Here in the United States, job retention has been an issue for quite some time now. Even back in the year of 2015, it was problematic. After all, the end of the June of that year alone saw more than two and a half million people leaving their jobs – and on a voluntary basis, for that matter. From just two years preceding it, this showed an increase in such activity by a full one quarter – certainly a considerable amount by any standards, to say the very least.
Such patterns are particularly prominent among the younger generation of workers, the millennial generation. It has become so prominent, in fact, that millennials are now referred to as the “job hopping generation.” And this moniker is not a wholly unearned one, as millennials are more likely than any other group to leave their current positions on a moment’s notice, with up to 60% of all surveyed millennial employees stating that they would be likely to take a new job at the expense of their old one, especially if said new job offered them something that the old one just was not capable of doing.
But this is not the fault of millennials or really any other one employee out there, for that matter. Unfortunately, there are a number of systemic problems that can be identified all too easily across the scope of the working world, at least here in the working world of the United States. Unfortunately, if such problems continue to go unaddressed – or even just not taken as seriously as they really should be – the problem of low employee retention rates is likely to persist, and perhaps even to worsen.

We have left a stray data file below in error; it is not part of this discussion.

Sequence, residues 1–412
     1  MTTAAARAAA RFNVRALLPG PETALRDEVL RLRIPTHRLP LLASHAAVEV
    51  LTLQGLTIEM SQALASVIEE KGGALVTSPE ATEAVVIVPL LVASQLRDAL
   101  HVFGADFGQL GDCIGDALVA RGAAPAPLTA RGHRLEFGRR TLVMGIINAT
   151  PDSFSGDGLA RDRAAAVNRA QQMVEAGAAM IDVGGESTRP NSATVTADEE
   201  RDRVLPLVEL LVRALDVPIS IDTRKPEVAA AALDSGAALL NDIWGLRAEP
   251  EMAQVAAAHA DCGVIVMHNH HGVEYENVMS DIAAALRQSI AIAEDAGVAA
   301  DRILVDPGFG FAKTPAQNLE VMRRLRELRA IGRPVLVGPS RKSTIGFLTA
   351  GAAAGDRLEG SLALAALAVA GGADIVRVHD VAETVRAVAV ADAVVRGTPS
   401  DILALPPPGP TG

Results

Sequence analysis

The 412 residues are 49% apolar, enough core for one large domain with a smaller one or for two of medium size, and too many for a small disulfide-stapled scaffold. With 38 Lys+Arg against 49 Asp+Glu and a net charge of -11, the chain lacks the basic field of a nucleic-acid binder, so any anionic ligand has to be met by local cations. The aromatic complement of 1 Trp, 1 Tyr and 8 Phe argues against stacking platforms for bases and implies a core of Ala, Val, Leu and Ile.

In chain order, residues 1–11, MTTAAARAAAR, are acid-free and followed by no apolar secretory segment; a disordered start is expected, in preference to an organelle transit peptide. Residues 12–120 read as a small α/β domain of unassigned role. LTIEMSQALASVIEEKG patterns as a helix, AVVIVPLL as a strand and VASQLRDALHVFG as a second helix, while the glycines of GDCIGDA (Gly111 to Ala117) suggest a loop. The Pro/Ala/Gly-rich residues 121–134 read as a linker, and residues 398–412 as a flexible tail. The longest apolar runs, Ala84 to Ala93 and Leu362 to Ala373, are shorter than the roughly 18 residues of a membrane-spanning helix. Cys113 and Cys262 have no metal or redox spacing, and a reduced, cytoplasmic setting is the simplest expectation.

Fortunately, there are a number of solutions that really have the potential to make a difference. For one thing, simply incorporating more diversity throughout the workplace as a whole is something that can prove hugely beneficial. Not only is this something that is likely to increase overall employee happiness and likelihood to stay longer periods of time, but it is something that can actually increase overall work performance as well. The data that has been gathered on the subject more than backs up this claim, showing quite clearly that ethnically diverse workplaces can outperform other workplaces that are less diverse by as much as a full 35%. And even just incorporating more gender diversity can improve performance in comparison to less diverse work spaces by as much as a full 15%.
And this is far from the only change that can be made when it comes to improving outcomes in terms of overall employee happiness and employee retention. Solving the problem of the lack of encouragement that employees feel is also critical. First, let’s take a look at how prominent this problem is, one that that HR executive search firms and other such human resources recruiters have become more and more aware of in recent years. As HR executive search firms will be able to tell you, it is the sad truth that most employees do not feel adequately supported at their jobs, a mere one fifth of them actually feeling that their superiors encourage them to do their best work, something that HR executive search firms and others will tell you is absolutely critical to overall employee retention.
But, as HR executive search firms and other such professionals in the field have found, this is not a problem with no solution. As a matter of fact, helping to mitigate this problem is easier for HR executive search firms and the typical company to get a hold of than you might think. After all, simply instituting something like an employee recognition program is something that has been found by HR executive search firms and other such important players to get some highly desirable results. After all, up to 86% of all places of business who try out such a program find that the impact is higher rates of overall employee happiness, something that can boost retention rates as well as even bolstering performance rates, as happy employees are certainly likely to do better work than unhappy ones.